I’m not sure I ever recovered fully. It kept me more tentative in my promotions and less fired up about consistently promoting.
I was almost completely wrong about where the funding would come from.
Many close friends and family went conspicuously absent. I had included them in my initial budgeting as definites, and still find myself confused by their non-participation. It led me, for a time, to believe that people were more willing to back the project, rather than the project creator. This was incorrect because…
Several of my biggest donors had minimal interest in the books being created.
I expected that from close friends and family, but actually received it from people less embedded in my life. These are the donations that brought me to tears several times over the month. Support where I least expected it. Peers who generously shared the project and donated. Readers who didn’t have the financial means to donate, but told all their friends. The folks who clicked ‘donate’ within minutes of hearing about the campaign.
I was floored by the depth and breadth of this reaction. I still am.
Programmed learning works for me.
The Prolific Works course was imperfect. The platform was incredibly glitchy and the administration was inconsistent. However, the content was well-organized and provided me with a means to master something new without getting overwhelmed. I especially appreciated the professional level of engagement. There was no allowance for not completing assignments or half-assing them.
Turns out, I needed this. Otherwise, this program might have taken up residence on my hard drive along with the dozens of other how-to courses I’ve not given ample attention.
From my limited experience, I believe that successful crowdfunding has much more to do with marketing and promotional muscle than community size or previous publishing success. I watched a few newbie authors crush it, and a few pros fizzle. I still haven’t wrapped my head around why this would be, but I hope to.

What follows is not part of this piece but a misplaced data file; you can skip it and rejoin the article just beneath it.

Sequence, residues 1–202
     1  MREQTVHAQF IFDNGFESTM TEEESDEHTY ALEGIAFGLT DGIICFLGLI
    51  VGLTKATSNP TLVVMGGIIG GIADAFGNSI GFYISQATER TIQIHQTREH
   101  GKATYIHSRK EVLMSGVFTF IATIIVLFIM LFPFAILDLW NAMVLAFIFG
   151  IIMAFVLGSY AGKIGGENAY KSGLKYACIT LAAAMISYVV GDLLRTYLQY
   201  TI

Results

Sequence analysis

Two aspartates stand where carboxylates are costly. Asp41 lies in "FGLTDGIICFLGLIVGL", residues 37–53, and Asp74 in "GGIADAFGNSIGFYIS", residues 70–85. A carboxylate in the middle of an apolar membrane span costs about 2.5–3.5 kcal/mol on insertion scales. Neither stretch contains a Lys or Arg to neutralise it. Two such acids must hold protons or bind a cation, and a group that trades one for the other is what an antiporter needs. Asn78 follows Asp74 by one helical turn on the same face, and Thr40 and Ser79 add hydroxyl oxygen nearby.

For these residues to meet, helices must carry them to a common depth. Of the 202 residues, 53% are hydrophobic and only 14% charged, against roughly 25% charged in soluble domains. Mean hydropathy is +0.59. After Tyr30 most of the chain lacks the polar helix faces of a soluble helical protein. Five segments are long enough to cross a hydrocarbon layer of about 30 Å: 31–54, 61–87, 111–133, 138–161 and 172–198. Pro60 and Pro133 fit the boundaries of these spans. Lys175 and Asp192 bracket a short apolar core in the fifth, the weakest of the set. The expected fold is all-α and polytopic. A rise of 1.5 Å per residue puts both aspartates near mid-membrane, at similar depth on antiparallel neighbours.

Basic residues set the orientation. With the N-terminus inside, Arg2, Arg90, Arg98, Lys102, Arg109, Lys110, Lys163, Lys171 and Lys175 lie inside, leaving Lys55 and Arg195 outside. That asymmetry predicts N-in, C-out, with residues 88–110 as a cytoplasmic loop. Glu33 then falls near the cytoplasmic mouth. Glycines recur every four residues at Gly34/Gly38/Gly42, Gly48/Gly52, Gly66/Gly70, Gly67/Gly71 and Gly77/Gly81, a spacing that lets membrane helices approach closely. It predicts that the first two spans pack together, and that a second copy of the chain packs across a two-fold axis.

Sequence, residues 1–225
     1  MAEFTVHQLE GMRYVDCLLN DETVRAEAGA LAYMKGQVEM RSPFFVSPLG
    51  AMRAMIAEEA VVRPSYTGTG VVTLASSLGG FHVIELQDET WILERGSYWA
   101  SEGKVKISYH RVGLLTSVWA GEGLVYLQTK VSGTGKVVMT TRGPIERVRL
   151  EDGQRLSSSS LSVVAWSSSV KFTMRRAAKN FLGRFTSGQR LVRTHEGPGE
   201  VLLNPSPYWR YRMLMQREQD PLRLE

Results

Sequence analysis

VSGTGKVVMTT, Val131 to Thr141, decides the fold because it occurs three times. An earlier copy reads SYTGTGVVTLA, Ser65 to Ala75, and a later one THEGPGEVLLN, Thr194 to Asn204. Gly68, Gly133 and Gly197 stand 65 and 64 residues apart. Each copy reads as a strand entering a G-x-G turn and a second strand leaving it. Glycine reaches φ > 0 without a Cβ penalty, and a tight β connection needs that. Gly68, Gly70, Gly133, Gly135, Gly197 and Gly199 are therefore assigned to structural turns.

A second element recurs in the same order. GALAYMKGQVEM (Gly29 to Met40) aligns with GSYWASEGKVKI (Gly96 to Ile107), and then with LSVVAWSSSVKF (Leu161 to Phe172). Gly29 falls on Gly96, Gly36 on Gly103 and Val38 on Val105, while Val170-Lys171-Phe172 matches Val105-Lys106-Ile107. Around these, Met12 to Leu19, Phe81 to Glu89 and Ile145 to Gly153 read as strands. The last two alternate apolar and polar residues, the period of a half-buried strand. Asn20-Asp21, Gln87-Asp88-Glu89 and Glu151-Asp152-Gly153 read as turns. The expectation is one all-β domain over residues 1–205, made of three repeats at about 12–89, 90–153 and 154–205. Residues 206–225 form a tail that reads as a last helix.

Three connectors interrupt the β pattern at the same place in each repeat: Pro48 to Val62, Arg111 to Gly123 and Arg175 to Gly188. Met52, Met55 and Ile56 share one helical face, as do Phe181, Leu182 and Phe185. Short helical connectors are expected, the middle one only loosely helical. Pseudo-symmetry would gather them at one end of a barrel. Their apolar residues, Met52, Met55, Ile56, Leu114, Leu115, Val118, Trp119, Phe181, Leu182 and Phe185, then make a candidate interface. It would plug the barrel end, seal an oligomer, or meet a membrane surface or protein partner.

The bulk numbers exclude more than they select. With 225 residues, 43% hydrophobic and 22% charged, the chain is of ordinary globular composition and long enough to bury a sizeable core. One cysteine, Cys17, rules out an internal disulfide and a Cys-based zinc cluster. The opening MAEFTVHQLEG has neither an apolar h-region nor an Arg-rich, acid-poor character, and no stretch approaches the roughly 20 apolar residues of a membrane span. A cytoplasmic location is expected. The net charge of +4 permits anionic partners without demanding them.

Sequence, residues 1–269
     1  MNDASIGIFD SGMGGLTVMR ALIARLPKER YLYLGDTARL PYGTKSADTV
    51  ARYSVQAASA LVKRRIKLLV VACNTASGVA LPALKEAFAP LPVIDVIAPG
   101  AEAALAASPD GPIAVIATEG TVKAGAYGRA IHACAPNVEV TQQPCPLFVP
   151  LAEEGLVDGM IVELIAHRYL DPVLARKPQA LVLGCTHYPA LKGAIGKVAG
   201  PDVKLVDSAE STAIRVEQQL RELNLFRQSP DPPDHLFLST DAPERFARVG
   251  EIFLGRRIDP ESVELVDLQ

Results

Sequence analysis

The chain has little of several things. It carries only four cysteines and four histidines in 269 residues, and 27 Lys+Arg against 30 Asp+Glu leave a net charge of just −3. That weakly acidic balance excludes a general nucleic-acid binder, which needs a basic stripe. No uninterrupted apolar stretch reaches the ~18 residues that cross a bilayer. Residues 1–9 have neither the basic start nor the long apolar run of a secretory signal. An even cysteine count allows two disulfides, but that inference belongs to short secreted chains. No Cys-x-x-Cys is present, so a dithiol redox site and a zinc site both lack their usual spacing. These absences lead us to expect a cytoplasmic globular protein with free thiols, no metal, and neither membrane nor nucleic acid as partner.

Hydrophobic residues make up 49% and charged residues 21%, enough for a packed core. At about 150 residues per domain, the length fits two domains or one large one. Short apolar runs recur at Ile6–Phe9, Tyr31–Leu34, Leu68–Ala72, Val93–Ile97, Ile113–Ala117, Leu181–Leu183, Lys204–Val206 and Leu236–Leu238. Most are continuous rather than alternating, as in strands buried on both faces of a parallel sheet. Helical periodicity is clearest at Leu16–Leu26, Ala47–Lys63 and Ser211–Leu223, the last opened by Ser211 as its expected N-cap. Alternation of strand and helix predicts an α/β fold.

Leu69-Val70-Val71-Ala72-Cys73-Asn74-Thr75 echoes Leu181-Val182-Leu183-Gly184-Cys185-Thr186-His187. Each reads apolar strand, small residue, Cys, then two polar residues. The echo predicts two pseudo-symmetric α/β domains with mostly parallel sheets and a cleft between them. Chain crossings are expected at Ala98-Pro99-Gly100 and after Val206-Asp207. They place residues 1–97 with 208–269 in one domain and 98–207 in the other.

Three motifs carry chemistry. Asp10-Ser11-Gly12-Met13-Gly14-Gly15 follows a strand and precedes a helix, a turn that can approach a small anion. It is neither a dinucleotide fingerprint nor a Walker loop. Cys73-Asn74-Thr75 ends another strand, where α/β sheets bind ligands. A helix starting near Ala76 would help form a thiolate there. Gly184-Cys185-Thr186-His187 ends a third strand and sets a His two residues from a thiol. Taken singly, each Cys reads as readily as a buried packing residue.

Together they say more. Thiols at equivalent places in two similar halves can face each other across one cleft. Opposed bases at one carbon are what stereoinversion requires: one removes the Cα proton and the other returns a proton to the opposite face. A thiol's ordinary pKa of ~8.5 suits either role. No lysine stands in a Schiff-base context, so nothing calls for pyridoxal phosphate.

Admittedly, someone with an established publishing track record, and an audience hungry for their work, will have to reach less broadly to get attention. But the ask is the same. Getting people to do something when the reward won’t immediately be in their hands is a skill I’d love to master. This endeavor gave me an immersive, up-close experience of what that looks like.
I now understand how Kickstarter can provide a viable means for authors to fund the large outlay required in order to publish a high quality book. It’s not clear to me whether there will be a significant movement toward crowdfunding for authors, but I’d happily participate in a campaign that catches my attention.
Pascale Kavanagh combines the unlikely pursuits of spiritual counseling, creativity coaching, and authoring steamy romance novels into a beautifully messy life. Ultimately, all her work is about strengthening resilience, transforming suffering, and keeping life sexy.That includes her six published novels and slew of stories and articles.
Her past includes stints as an MIT-trained engineer, biotech executive, professional dancer, yoga teacher and business owner, and entrepreneur.
These days, her favorite titles are author, guide, and hot mama.